Since the world economy is evolving constantly, the rules of the game have to be continuously adapted. International institutions and fora are changing and adjusting. Many initiatives have been taken. Altogether this should help make the global economic and financial system more resilient.

But we have also learned that it is never time for complacency. Efforts to ensure global stability and prevent crises have to be made constantly by all of us without exception.

In this context, I am confident that the euro area and the economies of the Asia-Pacific region will continue to work in close cooperation in the years ahead to ensure that these important goals are met.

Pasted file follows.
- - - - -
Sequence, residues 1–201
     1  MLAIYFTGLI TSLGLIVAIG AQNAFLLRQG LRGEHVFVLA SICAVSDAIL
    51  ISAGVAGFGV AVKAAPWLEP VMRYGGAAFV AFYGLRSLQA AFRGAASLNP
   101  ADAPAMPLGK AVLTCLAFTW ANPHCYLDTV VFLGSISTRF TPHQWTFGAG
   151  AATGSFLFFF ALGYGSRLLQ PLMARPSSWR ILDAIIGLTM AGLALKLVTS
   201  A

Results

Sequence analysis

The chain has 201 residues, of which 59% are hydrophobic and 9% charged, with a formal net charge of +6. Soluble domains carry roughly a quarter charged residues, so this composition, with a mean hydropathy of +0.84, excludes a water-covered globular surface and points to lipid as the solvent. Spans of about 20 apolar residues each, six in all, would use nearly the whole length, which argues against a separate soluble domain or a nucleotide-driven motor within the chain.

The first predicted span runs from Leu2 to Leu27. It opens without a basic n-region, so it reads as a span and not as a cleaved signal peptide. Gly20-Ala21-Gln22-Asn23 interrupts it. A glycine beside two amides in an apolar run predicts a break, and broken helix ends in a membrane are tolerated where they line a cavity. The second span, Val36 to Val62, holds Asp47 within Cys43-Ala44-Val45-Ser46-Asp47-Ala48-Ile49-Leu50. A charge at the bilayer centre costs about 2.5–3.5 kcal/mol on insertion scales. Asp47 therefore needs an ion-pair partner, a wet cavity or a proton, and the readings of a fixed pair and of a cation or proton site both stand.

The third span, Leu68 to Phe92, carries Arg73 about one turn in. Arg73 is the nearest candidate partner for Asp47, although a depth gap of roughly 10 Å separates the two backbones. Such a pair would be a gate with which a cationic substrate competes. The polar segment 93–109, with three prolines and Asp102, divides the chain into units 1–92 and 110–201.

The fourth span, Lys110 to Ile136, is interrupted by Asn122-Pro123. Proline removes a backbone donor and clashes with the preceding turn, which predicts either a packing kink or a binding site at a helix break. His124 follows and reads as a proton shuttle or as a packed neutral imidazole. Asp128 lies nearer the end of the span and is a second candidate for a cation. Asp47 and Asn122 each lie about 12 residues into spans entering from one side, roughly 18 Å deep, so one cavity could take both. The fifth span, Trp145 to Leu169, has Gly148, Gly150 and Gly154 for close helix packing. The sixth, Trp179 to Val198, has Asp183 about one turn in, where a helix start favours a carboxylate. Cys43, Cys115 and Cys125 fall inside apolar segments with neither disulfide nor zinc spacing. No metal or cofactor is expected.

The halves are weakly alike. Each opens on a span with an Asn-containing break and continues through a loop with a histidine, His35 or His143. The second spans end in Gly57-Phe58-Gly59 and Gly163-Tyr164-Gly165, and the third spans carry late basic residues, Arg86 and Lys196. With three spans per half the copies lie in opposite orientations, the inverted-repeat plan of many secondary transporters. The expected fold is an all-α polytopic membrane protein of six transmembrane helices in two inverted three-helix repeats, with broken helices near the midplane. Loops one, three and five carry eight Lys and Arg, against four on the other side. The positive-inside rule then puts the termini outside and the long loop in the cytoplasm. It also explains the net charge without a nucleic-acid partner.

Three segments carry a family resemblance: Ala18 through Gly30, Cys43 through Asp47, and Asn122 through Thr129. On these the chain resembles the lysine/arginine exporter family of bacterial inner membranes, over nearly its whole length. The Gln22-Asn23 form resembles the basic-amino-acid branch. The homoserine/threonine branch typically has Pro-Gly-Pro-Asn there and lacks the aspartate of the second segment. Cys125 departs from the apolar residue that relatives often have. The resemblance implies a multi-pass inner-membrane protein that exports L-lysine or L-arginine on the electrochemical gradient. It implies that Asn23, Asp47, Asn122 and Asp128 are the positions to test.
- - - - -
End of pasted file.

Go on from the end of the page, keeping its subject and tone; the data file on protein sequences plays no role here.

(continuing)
I thank you for your attention.



[1] For the purposes of this speech, the term “Asia-Pacific” refers to a group of economies in littoral East Asia, Southeast Asia and Australasia near the Pacific Ocean, as well as to the states in the ocean itself (Oceania).

[2] Fernand Braudel, La dynamique du capitalisme, conférences prononcées à l'université Johns Hopkins en 1976 ; Champs Flammarion, No 778.

[3] Based on projections published by the International Monetary Fund in October 2007 in its World Economic Outlook.